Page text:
I responded:

Since so many Prince fans are now aware of the "sticking it" quote, Prince has a choice:

a). allow the quote to stand (in the public mind, anyway) as his opinion, or
b). make an official statement affirming, clarifying, or repudiating it.

(I'd like to hope that Prince's adoption of the JW religion hasn't poisoned his mind, but I've been overly optimistic before...)

I miss the artist who wasn't afraid to be, at the very least, sexually suggestive:


Newt Gingrich is at it again. He was bloviating about Prop 8 last week on BillO's "Spin Zone" show:

I think there is a gay and secular fascism in this country that wants to impose its will on the rest of us, is prepared to use violence, to use harassment. I think it is prepared to use the government if it can get control of it. I think that it is a very dangerous threat to anybody who believes in traditional religion. [...] ...these secular extremists are determined to impose on you acceptance of a series of values that are antithetical, they're the opposite, of what you're taught in Sunday school.

Newt, you're full of shit.

Are "secular extremists" barring Christianists from serving in the military? Are we proposing constitutional amendments to annul their marriages? Or forcing them into same-sex unions?

Yeah, I didn't think so.

The only things we want are liberty and justice, which are hardly "impositions" on anyone else. We want the fourteenth amendment to be observed; we want the Constitution's "full faith and credit" clause to apply to everyone; we want civil equality for our LGBT brothers and sisters. Repealing DADT and DOMA would be good first steps. Passing ENDA would be another. The idea that any of these things is a "dangerous threat" to anyone is as credibility-straining as...well...a lot of Newt's voluminous verbiage.

People who can't keep their own marriages together (Newt has had three marriages and two divorces so far) shouldn't have any input into revoking the marriage rights of anyone else. You know what isn't "traditional," Newt? Adultery and divorce--but, as usual, it's OK when a Republican does it. (The irony that Newt is discussing "values" with sexual harasser Bill O'Reilly should not be lost on anyone...)

In a sense, though, Newt is correct that the equality agenda is "a series of values that are antithetical [to] what you're taught in Sunday school." Many of our nation's founding principles are indeed opposed to Judeo-Christian religious doctrines and their theocratic monarchical authority. (Compare the Bill of Rights to the Ten Commandments sometime; it should be an eye-opening experience for anyone who believes in the "Christian nation" myth.) Many biblical edicts are countermanded by our (secular) Constitution, and we are a better nation for it. (I'm thinking of our Greco-Roman and Enlightenment heritage: representative government, separation of powers, and the myriad individual freedoms that are--or should be--protected from mob rule.)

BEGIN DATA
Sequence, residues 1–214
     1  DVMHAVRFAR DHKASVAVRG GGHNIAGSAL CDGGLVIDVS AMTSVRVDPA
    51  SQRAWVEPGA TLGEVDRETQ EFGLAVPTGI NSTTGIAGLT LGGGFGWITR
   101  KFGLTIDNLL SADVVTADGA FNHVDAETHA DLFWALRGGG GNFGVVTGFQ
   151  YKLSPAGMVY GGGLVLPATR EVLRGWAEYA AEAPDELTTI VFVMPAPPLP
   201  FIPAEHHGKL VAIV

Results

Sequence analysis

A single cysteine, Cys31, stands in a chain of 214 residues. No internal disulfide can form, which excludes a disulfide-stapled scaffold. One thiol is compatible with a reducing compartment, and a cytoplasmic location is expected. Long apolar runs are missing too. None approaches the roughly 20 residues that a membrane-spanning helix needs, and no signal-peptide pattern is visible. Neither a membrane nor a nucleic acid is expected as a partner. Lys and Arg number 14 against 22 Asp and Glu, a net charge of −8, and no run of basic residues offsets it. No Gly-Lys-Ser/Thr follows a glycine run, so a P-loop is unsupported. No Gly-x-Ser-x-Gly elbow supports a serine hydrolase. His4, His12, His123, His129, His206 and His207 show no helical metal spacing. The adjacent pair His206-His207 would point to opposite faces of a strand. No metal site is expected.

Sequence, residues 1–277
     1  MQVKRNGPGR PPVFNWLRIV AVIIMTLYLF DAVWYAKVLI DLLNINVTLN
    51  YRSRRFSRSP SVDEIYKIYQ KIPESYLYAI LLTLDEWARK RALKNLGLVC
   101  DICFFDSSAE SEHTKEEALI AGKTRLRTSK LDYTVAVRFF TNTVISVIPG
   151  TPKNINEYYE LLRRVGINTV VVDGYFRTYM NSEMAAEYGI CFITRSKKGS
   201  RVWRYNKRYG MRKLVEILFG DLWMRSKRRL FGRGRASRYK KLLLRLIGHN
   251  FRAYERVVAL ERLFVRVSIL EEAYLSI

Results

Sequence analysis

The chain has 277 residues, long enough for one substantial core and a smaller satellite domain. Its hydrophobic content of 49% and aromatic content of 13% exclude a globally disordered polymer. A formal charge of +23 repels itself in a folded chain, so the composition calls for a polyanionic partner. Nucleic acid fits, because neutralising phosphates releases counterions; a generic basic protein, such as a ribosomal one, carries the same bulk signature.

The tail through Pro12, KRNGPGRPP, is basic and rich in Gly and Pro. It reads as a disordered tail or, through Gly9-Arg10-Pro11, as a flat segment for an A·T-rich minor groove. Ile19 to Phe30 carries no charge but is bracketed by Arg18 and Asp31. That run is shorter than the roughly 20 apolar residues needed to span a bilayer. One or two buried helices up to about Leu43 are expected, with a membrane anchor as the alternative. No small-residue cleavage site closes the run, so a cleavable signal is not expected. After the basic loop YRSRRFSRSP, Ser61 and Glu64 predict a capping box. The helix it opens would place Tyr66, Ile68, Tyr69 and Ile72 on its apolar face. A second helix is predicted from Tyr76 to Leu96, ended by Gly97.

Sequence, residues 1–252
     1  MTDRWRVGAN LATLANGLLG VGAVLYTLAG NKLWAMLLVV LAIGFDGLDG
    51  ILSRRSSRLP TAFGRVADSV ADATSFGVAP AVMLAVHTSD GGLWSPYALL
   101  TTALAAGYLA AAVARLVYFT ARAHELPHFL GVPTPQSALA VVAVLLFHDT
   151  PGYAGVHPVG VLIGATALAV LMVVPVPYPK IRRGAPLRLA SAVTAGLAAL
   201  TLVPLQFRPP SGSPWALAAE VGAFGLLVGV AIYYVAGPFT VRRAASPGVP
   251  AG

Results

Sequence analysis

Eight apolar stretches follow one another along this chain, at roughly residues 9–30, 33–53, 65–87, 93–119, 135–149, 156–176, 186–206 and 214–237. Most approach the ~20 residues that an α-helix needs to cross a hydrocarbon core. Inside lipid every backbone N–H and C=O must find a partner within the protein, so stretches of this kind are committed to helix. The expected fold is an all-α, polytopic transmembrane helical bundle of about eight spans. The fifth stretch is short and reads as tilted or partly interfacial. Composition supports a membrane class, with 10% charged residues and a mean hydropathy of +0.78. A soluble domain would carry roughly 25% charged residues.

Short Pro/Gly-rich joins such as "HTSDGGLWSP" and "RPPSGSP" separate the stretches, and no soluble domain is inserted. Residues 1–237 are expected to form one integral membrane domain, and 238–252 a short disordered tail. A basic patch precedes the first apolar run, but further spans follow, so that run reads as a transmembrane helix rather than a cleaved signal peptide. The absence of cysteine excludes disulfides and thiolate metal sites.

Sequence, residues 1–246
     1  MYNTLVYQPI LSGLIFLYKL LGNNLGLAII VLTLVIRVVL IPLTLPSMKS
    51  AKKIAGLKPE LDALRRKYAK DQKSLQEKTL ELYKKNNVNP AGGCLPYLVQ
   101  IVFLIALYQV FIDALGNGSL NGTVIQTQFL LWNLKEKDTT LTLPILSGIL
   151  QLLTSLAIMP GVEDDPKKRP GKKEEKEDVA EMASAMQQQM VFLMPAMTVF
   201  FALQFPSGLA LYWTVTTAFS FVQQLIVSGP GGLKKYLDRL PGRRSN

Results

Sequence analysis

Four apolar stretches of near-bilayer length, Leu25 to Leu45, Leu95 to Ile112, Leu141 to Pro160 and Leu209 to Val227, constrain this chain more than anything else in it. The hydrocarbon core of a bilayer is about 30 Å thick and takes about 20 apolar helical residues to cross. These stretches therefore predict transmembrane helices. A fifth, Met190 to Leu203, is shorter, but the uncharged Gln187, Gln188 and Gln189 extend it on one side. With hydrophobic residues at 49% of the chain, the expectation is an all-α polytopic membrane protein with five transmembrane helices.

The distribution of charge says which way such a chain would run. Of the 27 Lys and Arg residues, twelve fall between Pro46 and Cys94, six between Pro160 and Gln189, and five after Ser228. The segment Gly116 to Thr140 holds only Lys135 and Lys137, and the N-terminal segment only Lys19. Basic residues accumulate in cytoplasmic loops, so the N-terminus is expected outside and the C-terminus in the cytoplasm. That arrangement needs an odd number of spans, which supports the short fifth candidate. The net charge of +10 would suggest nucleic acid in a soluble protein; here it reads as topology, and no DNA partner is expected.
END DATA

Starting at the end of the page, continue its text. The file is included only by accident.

If Newt and his fellow fundies want to establish a Christian nation somewhere else, they're welcome to do so. Their desire to force our country to observe bigoted Iron Age dogma is unacceptable.

more commentary on Newt:
Steve Benen at Washington Monthly
Priscilla at News Hounds

Prince talked about same-sex marriage not being "right" with Claire Hoffman of The New Yorker, and (h/t: Towleroad):

When asked about his perspective on social issues--gay marriage, abortion--Prince tapped his Bible and said, "God came to earth and saw people sticking it wherever and doing it with whatever, and he just cleared it all out. He was, like, 'Enough.'"

Prince, you can take your Bible and stick it "wherever."

If you're not already reading Failblog, you should be:


(Either he meant it ironically, or he was quoting from another sign...)

The passage of California's anti-marriage Proposition 8 has energized a pro-marriage movement that is no longer willing to tolerate second-class citizenship for LGBT Americans. There were events in some 300 cities across the nation yesterday, with protesters numbering over a million. Andrew Sullivan posted this marvelous photo from the protest in DC:


One of Sullivan's commenters says it best, explaining the importance of marriage equality for all the blasé straights out there:

I'm not gay. I don't have gay friends or family. This isn't about homosexuality. This is about civil rights. [...] I've got no special affinity for the gay community, but I'm an American and a patriot: I've got a special affinity for my fellow Americans. I'll be damned if I acquiesce to such shameful hate and discrimination.

Bravo! I'm reminded of George Washington's words about the exercise of citizens' "inherent natural rights:"

For happily, the government of the United States, which gives to bigotry no sanction, to persecution no assistance, requires only that they who live under its protection should demean themselves as good citizens, in giving it on all occasions their effectual support.
(letter to Moses Seixas, 1790)

For more photos, visit:

Box Turtle Bulletin
Join the Impact (old site and new site)
Andrew Sullivan

The next scheduled event is Day without a Gay on 10 December, which falls on Human Rights Day (and also the 60th anniversary of the Universal Declaration of Human Rights):


the GOP that failed